Foreign Object in the Eye

Remove Objects Yourself or Leave Them for the Professionals?

Woman rubbing eye
DON'T RUB YOUR EYES. Image Source/Photodisc/Getty Images

Most minor eye irritants are going to get flushed out with tears and blinking. I will assume if you are checking on the internet for help to remove something from an eye, it's either not responding to tears and blinking or you know for sure that it's not going to--possibly because it's a knitting needle sticking out of the eyeball.

Rule #1: Don't rub your eyes. Particles in the eye can cause eye abrasions and lead to subconjunctival hemorrhage (big, scary red patch where there should only be white).

When to Seek Help

Treating a foreign object in the eye depends on where the object is and whether or not it's embedded (impaled) in the eyeball or just floating on the surface. Objects impaled in the eyeball require medical care and should be left to the professionals. Of course, you have to get the professionals to the patient (or get the patient to the professionals) so there are a few things you can do to keep an impaled object from doing more damage in the meantime.

For these injuries, read How to Treat an Impaled Object in the Eye.

There are other types of eye irritation that must be referred to the professionals:

  • Bulging or swollen eyeballs
  • Drooping eyelids
  • Sudden loss of vision or sensitivity to light
  • Sores, ulcers or discharge from the eyelid or eye

Assuming we're not talking about serious trauma, a nail, an arrow, or some other pointy object buried in the eyeball, then let's see if we can remove it at home without seeking help.

First, we have to find the object.

Finding the Foreign Object

Often, you can feel something irritating your eye before you know what it is. How (or if) you can remove it yourself depends on what and where it is.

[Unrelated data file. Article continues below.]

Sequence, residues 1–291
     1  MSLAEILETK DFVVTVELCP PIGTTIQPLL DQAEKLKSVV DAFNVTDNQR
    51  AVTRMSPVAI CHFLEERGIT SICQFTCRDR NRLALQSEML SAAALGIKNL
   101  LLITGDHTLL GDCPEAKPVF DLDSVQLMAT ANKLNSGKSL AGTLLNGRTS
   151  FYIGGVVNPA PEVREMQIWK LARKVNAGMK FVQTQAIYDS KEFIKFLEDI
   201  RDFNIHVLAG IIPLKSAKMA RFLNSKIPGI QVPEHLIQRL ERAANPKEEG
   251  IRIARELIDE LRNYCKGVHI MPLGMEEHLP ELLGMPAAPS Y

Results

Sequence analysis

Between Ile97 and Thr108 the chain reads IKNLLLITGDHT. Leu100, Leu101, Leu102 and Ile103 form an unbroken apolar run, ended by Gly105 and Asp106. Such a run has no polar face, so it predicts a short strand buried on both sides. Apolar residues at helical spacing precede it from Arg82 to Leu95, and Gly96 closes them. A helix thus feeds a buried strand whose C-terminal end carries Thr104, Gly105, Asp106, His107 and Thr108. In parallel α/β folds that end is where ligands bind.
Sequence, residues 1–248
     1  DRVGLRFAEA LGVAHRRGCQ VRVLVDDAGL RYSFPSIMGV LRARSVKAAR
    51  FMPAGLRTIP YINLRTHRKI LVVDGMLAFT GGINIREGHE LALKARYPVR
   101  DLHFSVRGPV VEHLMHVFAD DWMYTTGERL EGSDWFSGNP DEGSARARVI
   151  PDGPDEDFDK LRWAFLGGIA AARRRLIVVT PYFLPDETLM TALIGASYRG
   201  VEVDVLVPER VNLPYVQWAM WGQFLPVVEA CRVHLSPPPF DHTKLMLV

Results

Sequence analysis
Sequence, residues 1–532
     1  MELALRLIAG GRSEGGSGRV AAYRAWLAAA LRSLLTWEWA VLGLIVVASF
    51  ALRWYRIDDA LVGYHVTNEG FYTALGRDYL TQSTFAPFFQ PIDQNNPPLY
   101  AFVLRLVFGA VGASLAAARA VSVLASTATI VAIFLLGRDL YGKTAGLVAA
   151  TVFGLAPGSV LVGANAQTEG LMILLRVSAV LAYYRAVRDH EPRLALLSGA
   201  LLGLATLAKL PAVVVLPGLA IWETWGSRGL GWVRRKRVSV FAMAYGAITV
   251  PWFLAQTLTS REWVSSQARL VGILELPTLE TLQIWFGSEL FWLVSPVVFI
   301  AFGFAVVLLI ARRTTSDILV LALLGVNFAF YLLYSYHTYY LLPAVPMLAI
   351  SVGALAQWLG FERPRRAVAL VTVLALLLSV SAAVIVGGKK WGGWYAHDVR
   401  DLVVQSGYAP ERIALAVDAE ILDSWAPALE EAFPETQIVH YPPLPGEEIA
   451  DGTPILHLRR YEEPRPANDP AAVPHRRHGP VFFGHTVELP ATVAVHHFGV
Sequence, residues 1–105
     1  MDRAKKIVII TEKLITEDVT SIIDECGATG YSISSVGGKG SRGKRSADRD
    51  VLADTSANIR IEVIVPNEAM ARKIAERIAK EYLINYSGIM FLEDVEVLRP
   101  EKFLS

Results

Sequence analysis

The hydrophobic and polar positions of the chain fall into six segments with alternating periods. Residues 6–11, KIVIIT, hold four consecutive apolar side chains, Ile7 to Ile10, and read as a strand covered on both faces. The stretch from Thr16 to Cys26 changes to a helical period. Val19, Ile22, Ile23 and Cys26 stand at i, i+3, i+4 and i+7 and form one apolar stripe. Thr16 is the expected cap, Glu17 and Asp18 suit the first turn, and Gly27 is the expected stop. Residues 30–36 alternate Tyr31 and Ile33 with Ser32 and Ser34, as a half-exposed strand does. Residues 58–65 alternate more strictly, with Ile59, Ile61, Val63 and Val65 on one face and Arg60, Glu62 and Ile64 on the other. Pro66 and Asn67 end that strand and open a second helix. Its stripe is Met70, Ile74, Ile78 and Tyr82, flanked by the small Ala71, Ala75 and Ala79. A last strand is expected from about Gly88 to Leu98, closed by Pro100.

Caution: If you have been working with metal (milling, welding, drilling or other industrial fabrication work), there is a possibility that metal shavings are irritating the eye.

Do not remove metal particles. In that case, take the patient to a medical professional.

Before you get started, wash your hands. Assuming you and the patient are in the same environment, you don't want to introduce even more irritants to the eye as you look around for the ones that are causing the problem.

Pull up a chair and have a seat in a well-lit area. You need plenty of light and a small flashlight might help. If you use a handheld light, don't use a high-powered, turn-night-into-day flashlight like the police carry. It's best if you use a penlight or even your cell phone LED.

Look at the whites of the eyes. This is your best bet for being able to remove the object. Have the patient expose as much of the white area as possible by gently pulling down the lower lid and asking the patient to look up. Repeat in the reverse by lifting the upper lid and having him or her look down. Don't forget to check out the sides by having them look left and right.

If you're very gentle, you can place a cotton swab against the upper lid and roll it up and away from the eyeball to help you find the foreign object.

Sometimes this helps you see things that get stuck on the eyelid itself.

Removing the Foreign Object

Now that you've identified the culprit, you're ready to remove it. Always start with flushing both eyes. Use clean water or saline (eye drops) to try to float the object out. If using eye drops isn't aggressive enough, use more water. An eyewash station at an industrial sight works very well.

If you flush with an eyewash station or with something like a garden hose or a bottle of water, flush both eyes. You don't want to accidentally wash the object from one eye to the other.

Using the trick with the cotton swab and the eyelid, you can hold your eye open so the water or saline can work well.

If flushing doesn't work, gently touch the foreign object with another cotton swab and try to lift it off. This is fine if you found the foreign object on the lid, but be especially careful if you are touching the eye.

After It's Out

It's still going to feel irritated. That feeling should go away by 48 hours or so. If the eye continues to feel irritated or develops worsening pain; or if the patient develops decreased or blurred vision, seek medical help immediately.

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